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ISBN: 9781950192335 9781950192342 Year: Pages: 152 DOI: 10.21983/P3.0260.1.00 Language: English
Publisher: punctum books
Subject: Agriculture (General) --- Languages and Literatures
Added to DOAB on : 2019-07-27 11:21:02
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"Moonbit is a hybrid work comprised of experimental poetry and a critical theory of the poetics and politics of computer code. It offers an extended intellectual and creative engagement with the affordances of computer software through multiple readings and re-writings of a singular text, the source code of the Apollo 11 Guidance Computer or the “AGC.” Moonbit re-marks and remixes the code that made space travel possible. Half of this book is erasure poetry that uses the AGC code as the source text, building on the premise that code can speak beyond its functional purpose.

When we think about the 1960s U.S. space program and obscure scientific computer code, we might not first think about the Watts riots, Shakespeare, Winnie the Pooh, T.S. Eliot, or scatological jokes. Yet these cultural references and influences along with many more are scattered throughout the body of the code that powered the compact digital computer that successfully guided astronauts to the Moon and back and in July of 1969. Moonbit unravels and rewrites the many embedded cultural references that were braided together within the language resources of mid-century computer code.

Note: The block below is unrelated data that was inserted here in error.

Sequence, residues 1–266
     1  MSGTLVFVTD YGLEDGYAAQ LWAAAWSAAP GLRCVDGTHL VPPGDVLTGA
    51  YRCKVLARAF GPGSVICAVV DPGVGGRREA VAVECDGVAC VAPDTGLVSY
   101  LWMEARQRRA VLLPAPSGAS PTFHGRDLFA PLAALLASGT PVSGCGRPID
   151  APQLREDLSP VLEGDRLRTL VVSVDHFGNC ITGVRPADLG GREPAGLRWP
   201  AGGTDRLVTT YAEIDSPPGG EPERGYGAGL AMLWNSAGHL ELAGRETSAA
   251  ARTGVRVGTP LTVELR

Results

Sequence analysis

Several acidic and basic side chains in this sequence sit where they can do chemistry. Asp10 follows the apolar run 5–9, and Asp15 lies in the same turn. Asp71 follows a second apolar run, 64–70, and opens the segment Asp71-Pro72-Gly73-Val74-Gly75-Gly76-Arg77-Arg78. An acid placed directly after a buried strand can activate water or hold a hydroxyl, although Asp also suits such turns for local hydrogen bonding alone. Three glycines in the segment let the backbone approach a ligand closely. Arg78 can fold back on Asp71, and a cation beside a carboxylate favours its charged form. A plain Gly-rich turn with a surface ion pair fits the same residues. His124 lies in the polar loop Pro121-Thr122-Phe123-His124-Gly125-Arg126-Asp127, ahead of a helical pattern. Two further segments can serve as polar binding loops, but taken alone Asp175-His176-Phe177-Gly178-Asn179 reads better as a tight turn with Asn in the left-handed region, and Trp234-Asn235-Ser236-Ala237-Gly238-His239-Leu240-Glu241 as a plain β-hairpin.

Moonbit also provides a gentle, non-expert introduction to the text of the AGC code, to digital poetics, and to critical code studies. Outlining a capacious interpretive practice, Moonbit takes up all manner of imaginative decodings and recodings of this code. It introduces some of the major existing approaches to the study of code and culture while provide multiple readings of the source code along with an explanation and theorization of the way in which the code works, as both a computational and a cultural text."